BASC raises concerns over ‘plinking’ visits

BASC fears changes to air weapon licensing in Scotland will place an unnecessary time and cost burden on the police.

Britain’s largest shooting organisation has welcomed a pledge that legislators have no intention of banning ‘plinking’ – informal target shooting, often in a garden. But a new Scottish government website suggests police will still need to visit a premises before issuing a licence.

Dr Colin Shedden, BASC Scotland director, said: “It seems wholly disproportionate that police licensing officers already under pressure to perform with greater demands and fewer resources must now visit a person’s garden to give the all-clear to allow shooting at a target with an air rifle.”

A public information campaign has been launched by the government ahead of the introduction of licensing for air weapons at the end of this year.

It has yet to be announced how much a licence or permit will cost, while there is also no detailed information about the formation of approved air weapon clubs.

But the website provides important background inforamtion and includes specific references to plinking.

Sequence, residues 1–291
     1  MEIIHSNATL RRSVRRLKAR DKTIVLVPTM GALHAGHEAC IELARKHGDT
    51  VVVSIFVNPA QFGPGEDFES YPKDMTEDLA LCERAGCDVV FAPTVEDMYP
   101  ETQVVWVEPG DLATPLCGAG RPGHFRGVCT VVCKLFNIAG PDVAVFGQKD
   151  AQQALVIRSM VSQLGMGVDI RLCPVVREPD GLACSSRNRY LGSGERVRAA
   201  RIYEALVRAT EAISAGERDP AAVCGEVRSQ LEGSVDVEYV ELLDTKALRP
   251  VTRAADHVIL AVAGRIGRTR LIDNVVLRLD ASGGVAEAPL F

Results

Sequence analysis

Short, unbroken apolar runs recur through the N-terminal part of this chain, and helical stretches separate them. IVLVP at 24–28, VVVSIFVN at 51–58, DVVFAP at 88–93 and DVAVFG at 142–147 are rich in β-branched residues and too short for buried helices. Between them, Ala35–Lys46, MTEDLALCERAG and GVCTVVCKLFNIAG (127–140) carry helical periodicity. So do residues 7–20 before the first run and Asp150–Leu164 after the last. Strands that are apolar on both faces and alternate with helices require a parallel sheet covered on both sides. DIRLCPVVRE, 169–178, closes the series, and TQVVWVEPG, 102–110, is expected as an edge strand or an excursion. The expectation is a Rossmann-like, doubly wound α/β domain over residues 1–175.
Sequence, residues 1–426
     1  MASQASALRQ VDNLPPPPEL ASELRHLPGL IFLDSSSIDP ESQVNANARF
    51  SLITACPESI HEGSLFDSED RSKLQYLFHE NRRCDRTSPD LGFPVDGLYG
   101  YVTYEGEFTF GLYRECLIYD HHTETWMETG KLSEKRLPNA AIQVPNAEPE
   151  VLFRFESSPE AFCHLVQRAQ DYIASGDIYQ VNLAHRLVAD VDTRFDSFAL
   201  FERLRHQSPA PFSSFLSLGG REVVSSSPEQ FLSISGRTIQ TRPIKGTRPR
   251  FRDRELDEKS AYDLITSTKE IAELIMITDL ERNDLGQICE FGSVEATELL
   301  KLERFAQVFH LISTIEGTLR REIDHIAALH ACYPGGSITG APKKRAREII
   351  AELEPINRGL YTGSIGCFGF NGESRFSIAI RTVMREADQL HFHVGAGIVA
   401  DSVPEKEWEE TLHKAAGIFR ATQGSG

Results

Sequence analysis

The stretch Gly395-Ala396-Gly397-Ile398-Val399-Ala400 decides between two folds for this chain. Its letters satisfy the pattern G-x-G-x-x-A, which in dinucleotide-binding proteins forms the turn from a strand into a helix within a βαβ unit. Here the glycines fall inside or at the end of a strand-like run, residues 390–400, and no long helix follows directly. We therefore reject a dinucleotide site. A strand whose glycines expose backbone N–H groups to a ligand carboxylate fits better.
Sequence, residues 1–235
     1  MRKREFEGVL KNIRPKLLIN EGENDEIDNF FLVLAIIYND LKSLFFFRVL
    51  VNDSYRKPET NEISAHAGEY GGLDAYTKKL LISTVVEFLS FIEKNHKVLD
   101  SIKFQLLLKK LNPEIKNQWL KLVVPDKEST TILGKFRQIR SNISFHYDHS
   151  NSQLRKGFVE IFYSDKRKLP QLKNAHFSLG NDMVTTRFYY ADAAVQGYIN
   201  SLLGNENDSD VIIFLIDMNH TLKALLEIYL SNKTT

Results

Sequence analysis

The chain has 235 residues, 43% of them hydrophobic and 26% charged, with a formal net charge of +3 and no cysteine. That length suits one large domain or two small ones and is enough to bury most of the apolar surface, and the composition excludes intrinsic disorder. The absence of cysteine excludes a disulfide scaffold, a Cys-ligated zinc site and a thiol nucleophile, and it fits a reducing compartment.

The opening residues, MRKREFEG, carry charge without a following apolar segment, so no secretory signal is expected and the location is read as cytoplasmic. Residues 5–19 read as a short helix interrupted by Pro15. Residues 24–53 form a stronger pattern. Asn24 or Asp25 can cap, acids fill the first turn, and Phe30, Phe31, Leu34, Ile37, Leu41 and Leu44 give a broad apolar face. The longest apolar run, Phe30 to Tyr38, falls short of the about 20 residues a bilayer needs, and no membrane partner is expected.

Dr Shedden added: “When the bill was progressing through parliament, one of the greatest concerns was a presumption against plinking being a good reason for the granting of an air weapon certificate.

“We know that the vast majority of people who own the estimated 500,000 air weapons in Scotland use them for this activity. BASC was very concerned that this licensing regime would effectively put an end to a popular activity that often acts as a young person’s first introduction to shooting sports.

“However, the website states it is ‘not the intention to ban all plinking’ and it will be up to the police to decide on a case-by-case basis whether land, such as a garden, is suitable for plinking to be carried out safely.

“While this is a welcome response to BASC’s lobbying over the past two years, it is also likely to increase the number of home visits that the police will now have to carry out and therefore the overall cost of licensing.”

The website also clarifies that existing shooters with either a firearms or shotgun certificate do not need to licence their air weapon until their scheduled renewal time.

Note to Editors: The Scottish government website is available here. BASC has provided an FAQ here.

For more inforamtion, please contact BASC's press office on 01244 573007 or email